39. The Coventry outings of Brian Rowstron & family
40. Time Gentlemen Please! - Jo Shepherd's Family
41. The life experiences of Mike Spellacy
42. Humber Works photographs of Peter Thacker
43. Early Coventry memories of Lizzie Tomlinson
44. Post-war decades remembered, by Mike Tyzack
45. Fireman Frank Walduck, remembered by Peter Walduck
46. Early memories of Coventry, by Muriel Wells
47. Family memories of Burt West
48. A Childhood in Stoke, by Graham Whitehead

Hillfields memories from the 1930s & 40s, by Jerry Bird

Born at 13 Canterbury Street in 1932 was the start of my sixteen year life in the UK prior to emigration in 1948, and so I only remember Coventry as it was in my minds eye pre, during and after the war, as I've never been back.

Personally, only Google and the Forum inform me of things now! As a newcomer to the forum, and the incredibly varied and interesting information to browse, I now realize that it is broadening my own aspects and affecting my simple view of "that's how it was". Keep it up people, I really enjoy all your past contributions. (I will come across them all one day!)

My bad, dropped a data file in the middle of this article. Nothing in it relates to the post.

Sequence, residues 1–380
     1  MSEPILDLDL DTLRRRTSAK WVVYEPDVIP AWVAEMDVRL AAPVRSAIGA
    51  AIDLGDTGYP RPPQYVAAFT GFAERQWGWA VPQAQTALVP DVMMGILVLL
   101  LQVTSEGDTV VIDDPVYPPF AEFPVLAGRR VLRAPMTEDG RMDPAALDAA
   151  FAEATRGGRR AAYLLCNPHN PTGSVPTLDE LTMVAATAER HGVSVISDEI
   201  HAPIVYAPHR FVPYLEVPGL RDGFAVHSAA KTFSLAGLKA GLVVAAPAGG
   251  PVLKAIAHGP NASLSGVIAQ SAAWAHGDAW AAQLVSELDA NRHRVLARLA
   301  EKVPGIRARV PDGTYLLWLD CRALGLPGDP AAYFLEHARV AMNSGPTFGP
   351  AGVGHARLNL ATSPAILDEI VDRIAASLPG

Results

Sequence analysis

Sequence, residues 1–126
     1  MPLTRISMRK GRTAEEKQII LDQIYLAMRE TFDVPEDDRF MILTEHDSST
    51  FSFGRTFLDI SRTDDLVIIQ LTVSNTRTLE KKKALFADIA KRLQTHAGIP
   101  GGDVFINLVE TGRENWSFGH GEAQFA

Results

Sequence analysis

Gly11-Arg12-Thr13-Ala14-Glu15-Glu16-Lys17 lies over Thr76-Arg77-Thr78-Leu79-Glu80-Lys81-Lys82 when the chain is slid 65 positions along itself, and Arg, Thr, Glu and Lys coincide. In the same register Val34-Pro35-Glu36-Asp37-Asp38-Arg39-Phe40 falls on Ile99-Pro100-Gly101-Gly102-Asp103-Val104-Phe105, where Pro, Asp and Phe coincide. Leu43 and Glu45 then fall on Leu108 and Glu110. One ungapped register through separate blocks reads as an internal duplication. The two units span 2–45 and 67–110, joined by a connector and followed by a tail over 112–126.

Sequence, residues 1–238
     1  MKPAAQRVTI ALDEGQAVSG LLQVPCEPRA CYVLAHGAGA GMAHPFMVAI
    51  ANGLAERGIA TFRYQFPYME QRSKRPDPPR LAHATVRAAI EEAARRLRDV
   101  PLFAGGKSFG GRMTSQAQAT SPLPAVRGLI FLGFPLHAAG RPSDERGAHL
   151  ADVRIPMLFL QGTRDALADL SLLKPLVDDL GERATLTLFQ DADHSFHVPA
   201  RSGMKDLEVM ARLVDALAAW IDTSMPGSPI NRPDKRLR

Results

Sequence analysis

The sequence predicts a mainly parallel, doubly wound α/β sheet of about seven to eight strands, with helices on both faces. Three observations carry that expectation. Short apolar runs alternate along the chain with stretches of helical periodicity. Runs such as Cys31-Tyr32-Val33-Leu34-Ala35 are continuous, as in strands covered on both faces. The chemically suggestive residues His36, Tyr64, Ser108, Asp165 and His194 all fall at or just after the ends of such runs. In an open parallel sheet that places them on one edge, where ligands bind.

Canterbury Street, Hillfields
Hill's Precision Plastics, Canterbury Street. (Courtesy of Coventry Library.)

I see on the Google maps that number 11 Canterbury Street, and down and round Yardley Street to Wellington Street, is now a car-park. There used to be a school on the Wellington Street corner - double storey with outside iron stairs up to the classrooms. The kids used to come up to talk to me when I was parked in my pram in my gran's garden at the back of 13 Canterbury Street.

The streets, as most know, were generally cobble-stoned and very noisy as there was still horse drawn traffic up and down. I seem to remember my gran saying that they used to put straw on the streets to curb the clatter during the flue epidemic in 1918/19. She lost two sons on the same day, my dad being the only survivor.